Boston Scientific thinks Watchman represents a $500 million market opportunity, but how are physicians viewing the device now that reimbursement is available?
Boston Scientific's left atrial appendage closure device — Watchman — has had a tortuous path through FDA to win approval and more recently had to navigate difficulty at CMS with respect to reimbursement.
FDA deemed that the device was appropriate for patients who are on anticoagulants like warfarin, and while CMS initially disagreed and recommended coverage for only those who couldn't take anticoagulants, its final decision was less stringent. The agency said instead that the device would be reimbursed for patients who took warfarin or other anticoagulants for the short term but who wouldn't be able to do so over a longer period of time. Watchman is aimed at high-risk atrial fibrillation patients who want to reduce the chance for stroke.
Given the broad FDA label and a somewhat narrower reimbursement decision from CMS, how are physicians viewing the device?
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A small survey shows that physicians are largely hewing to CMS's stance. BMO Capital Markets surveyed 26 physicians in March and compared their responses to the same question in November and March. This is how they responded:
A majority of physicians — 62% — responded that they will implant Watchman only in patients that are either contraindicated for anticoagulant therapy long term or those who have side effects with their use over time. That response has taken hold as only 44% and 50% said they would use that criteria for implantation in April and November, 2015.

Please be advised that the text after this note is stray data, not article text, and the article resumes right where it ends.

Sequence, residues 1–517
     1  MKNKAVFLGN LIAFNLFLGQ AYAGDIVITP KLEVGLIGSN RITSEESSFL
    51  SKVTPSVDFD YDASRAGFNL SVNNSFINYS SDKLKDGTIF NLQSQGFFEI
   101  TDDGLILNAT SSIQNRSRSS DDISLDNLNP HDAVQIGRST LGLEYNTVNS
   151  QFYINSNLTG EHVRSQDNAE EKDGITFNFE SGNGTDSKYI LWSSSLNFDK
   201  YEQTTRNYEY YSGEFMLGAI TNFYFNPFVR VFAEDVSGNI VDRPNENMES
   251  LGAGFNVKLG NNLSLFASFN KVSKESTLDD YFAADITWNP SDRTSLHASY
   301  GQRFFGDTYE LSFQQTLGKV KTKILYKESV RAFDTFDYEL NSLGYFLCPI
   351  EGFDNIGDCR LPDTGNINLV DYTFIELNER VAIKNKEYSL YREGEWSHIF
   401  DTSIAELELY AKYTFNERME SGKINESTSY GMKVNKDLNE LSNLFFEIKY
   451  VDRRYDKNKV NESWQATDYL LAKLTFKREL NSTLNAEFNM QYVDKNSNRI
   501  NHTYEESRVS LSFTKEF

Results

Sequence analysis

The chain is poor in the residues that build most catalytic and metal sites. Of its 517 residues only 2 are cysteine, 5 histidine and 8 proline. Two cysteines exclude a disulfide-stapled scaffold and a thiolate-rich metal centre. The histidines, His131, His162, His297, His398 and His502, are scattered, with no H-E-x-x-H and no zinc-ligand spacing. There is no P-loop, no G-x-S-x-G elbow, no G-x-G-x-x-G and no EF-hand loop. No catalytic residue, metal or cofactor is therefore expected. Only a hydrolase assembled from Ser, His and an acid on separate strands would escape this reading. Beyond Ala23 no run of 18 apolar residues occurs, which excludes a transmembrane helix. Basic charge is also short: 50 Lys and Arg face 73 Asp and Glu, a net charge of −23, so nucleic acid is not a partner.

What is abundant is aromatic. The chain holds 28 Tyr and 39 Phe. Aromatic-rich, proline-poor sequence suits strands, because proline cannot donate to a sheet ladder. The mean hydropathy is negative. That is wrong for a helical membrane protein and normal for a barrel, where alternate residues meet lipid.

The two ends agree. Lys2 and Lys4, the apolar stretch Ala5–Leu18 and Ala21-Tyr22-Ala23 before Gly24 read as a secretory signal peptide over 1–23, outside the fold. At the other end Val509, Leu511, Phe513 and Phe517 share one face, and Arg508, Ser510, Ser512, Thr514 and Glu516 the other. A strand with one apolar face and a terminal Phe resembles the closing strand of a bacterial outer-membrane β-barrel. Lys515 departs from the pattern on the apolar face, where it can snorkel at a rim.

"... Clearly CMS’ message around distinguishing its reimbursement decision versus the FDA label has been noticed by physicians, as 62% of the physicians plan to limit usage of the device to fit within the parameters of the final [National Coverage Decision] and 0% plan to maximize the open-ended FDA label," wrote Joanne Wuensch in a research note highlighting results of the survey.
Still, there is positive news for Boston Scientific. Physicians don't seem to be hampered by reimbursement challenges with 0% saying that they like the technology but are limited by reimbursement. Compare that to 12% who reported feeling so in November.
And yet, while physicians said that they would be increasing use of Watchman for a certain percentage of their patients, 0% of the physicians checked the box for using the device in 30-40% of procedures (versus 8% in November and 2% in April) and 0% in greater than 50% of their patients (versus 0% in November and 2% in April), according to the survey.
That could suggest a natural, and not altogether unsurprising, waning of enthusiasm for Watchman.
"With every new technology, the pendulum tends to swing to an extreme point early on (as pent-up excitement elicits an expectation for high-levels of product adoption) and later returns to the middle as physicians identify the appropriate patients," Wuensch wrote. "The same might be true with Watchman, as there has been a shift over the past several surveys demonstrating a higher percentage of the cohort expecting their penetration to be less than initially thought."